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Economic Indicator of the Year: Inflation

It wasn’t great, but the 1970s did not return, and in 2023 the economic indicator we’ll be talking about will be unemployment.

Federal Reserve Chair Jerome Powell
Liu Jie/Xinhua/Getty Images
Federal Reserve Chair Jerome Powell

If the 1970s were the decade of the Great Inflation, 2022 was the year of the Little Inflation. It was worse than many people expected, including me. But as the year ends, inflation is dwindling, and economic experts are starting to pay more attention to another indicator: the unemployment rate, in anticipation of a recession this spring. If that comes to pass, we’ll all look back nostalgically at the Little Inflation.

I don’t mean to minimize the inflation of the past year. My own moment of revelation came in November when I purchased a tall skim latte at Starbucks, glanced at the bill, and resolved to brew my own coffee for the rest of my life. But by then the consumer price index, or CPI, was coming down. The Fed’s preferred indicator for inflation, the personal consumption expenditures, or PCE, price index, actually peaked way back in June, at 7 percent over the previous year. It then fell gradually to 5.5 percent in November. During this same period, the “core” PCE (that is, the inflation rate minus volatile food and energy prices) was more or less flat. The core CPI is falling. Even recession hawk Lawrence Summers wrote this week that “inflation is coming down.”

This became evident before the November election, but too late to persuade voters. (I tried.) It was no surprise that 71 percent of Republican midterm voters rated inflation as the most important issue, but 28 percent of Democrats did too. Net Democratic losses in the House were smaller than they’d been in 20 years, and there were no net Democratic losses in the Senate. (We would have seen a net gain of one Senate seat if Kyrsten Sinema hadn’t decided after the election to become an independent.) Had voters been more aware that inflation was coming down, the Democrats might have kept the House.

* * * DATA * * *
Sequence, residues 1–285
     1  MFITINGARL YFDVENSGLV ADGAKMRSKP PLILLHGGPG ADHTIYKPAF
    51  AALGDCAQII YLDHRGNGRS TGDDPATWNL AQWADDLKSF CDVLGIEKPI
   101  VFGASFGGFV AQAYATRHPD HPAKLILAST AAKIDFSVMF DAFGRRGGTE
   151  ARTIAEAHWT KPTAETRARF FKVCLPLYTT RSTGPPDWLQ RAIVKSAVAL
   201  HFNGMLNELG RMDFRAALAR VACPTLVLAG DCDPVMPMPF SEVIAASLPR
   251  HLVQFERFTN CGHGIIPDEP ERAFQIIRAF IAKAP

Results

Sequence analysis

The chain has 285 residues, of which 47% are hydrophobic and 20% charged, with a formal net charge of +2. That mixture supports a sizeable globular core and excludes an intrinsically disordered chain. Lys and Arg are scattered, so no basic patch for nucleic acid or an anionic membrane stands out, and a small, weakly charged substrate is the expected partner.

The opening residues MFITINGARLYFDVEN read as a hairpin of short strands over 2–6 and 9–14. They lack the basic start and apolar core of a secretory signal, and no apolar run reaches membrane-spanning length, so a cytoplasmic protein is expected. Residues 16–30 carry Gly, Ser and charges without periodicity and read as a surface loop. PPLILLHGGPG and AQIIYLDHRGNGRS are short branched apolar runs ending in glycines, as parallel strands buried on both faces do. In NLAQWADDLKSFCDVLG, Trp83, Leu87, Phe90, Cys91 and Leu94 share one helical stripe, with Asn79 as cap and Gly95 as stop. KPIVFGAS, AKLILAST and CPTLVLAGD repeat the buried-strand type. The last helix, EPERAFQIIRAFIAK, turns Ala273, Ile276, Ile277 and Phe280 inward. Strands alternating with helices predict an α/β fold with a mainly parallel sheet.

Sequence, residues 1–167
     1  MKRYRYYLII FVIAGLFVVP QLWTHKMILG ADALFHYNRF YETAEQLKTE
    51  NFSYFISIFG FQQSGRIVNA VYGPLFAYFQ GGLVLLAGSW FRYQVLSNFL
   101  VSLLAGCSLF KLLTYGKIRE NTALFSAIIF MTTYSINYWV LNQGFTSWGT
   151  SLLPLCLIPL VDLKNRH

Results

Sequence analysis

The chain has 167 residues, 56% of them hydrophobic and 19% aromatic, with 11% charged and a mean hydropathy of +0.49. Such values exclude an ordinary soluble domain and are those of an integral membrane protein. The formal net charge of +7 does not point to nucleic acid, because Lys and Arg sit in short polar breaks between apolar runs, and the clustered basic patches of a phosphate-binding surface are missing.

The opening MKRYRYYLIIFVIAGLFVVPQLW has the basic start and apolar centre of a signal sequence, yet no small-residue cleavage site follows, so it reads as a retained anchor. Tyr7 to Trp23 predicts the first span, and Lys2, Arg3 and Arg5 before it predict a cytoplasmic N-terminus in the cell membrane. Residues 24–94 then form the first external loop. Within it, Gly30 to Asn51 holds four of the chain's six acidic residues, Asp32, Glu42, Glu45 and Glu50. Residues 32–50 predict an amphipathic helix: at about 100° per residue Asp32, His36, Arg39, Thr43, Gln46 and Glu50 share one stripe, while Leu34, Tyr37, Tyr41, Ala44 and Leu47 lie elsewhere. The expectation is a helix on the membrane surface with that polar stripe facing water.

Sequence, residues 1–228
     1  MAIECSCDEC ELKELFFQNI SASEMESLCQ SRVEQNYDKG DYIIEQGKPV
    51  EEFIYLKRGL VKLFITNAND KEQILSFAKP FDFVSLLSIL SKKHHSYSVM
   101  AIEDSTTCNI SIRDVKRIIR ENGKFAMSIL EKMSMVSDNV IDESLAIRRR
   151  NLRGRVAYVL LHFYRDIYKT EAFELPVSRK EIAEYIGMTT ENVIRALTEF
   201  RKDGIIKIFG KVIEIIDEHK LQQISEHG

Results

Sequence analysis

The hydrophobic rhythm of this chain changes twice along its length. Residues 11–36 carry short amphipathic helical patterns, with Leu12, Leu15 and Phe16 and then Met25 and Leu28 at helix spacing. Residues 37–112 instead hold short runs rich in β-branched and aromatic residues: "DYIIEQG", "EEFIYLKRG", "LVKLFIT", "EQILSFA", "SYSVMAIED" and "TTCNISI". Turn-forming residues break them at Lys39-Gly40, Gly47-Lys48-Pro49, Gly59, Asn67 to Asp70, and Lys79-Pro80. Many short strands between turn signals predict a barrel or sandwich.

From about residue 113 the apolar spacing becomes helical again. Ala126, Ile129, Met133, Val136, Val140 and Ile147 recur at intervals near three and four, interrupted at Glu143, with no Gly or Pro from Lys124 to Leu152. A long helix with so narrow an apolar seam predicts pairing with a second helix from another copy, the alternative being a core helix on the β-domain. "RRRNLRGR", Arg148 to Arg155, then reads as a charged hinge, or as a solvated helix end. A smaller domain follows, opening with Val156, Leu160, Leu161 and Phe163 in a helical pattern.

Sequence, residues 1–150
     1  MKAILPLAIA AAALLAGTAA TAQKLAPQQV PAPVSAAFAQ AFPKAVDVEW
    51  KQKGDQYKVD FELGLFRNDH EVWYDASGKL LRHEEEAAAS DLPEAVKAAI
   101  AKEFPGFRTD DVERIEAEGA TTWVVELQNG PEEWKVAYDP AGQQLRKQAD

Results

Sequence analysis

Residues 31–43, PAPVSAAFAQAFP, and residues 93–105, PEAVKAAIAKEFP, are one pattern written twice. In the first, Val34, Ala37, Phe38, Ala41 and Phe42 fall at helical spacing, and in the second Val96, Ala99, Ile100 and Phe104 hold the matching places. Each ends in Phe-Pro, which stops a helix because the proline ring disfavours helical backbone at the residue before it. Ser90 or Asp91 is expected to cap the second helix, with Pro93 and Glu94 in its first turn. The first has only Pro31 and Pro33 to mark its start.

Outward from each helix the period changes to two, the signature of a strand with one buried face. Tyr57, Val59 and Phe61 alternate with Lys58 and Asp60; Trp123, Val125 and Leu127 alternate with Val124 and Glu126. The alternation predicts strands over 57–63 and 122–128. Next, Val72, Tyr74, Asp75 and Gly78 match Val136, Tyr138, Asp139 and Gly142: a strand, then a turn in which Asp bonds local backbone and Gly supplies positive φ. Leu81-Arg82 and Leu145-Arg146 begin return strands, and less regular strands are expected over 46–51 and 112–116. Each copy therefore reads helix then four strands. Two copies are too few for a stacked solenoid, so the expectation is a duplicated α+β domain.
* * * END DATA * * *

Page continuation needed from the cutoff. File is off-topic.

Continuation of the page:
The Little Inflation, like everything else in the economy since February 2020, was caused by the Covid-19 pandemic. Initially, the two-month recession that started in February of that year and ended in April created inventory surpluses. But those vanished as the economy recovered much more quickly than expected, and supply chain disruptions instead pushed prices up. Toilet paper was the earliest choke point because it was a bulky product that retailers didn’t like taking up too much space in their storerooms. That kept inventories low, and 70 percent of grocery stores were out by the end of March 2020. Then automobile prices shot up because their supply chains were especially complex and globalized.

The supply chain problem spread more broadly through the economy in 2021, and by January 2022 inflation officially became a crisis. In that month, a 7.5 percent CPI set off “holy shit” alarms because it was the highest 12-month increase since February 1982, when then Federal Reserve Chairman Paul Volcker was still busy clobbering the Great Inflation to death. Finally, in February Vladimir Putin decided to invade Ukraine, which made everything worse by boosting prices for oil and wheat. The Little Inflation was underway.

January’s inflation rate of 7.5 percent (the CPI eventually peaked in June at 9.1 percent) made it inevitable that Fed Chairman Jerome Powell, who’d been taking some criticism for not raising interest rates, would jack them up. In March, the Fed raised interest rates 0.25 percent; in May, it raised interest rates 0.5 percent; and in June, it initiated the first of four increases of 0.75 percent. Finally, in December, the Fed fell back to an interest rate of 0.5 percent, signaling that the Little Inflation was starting to wind down.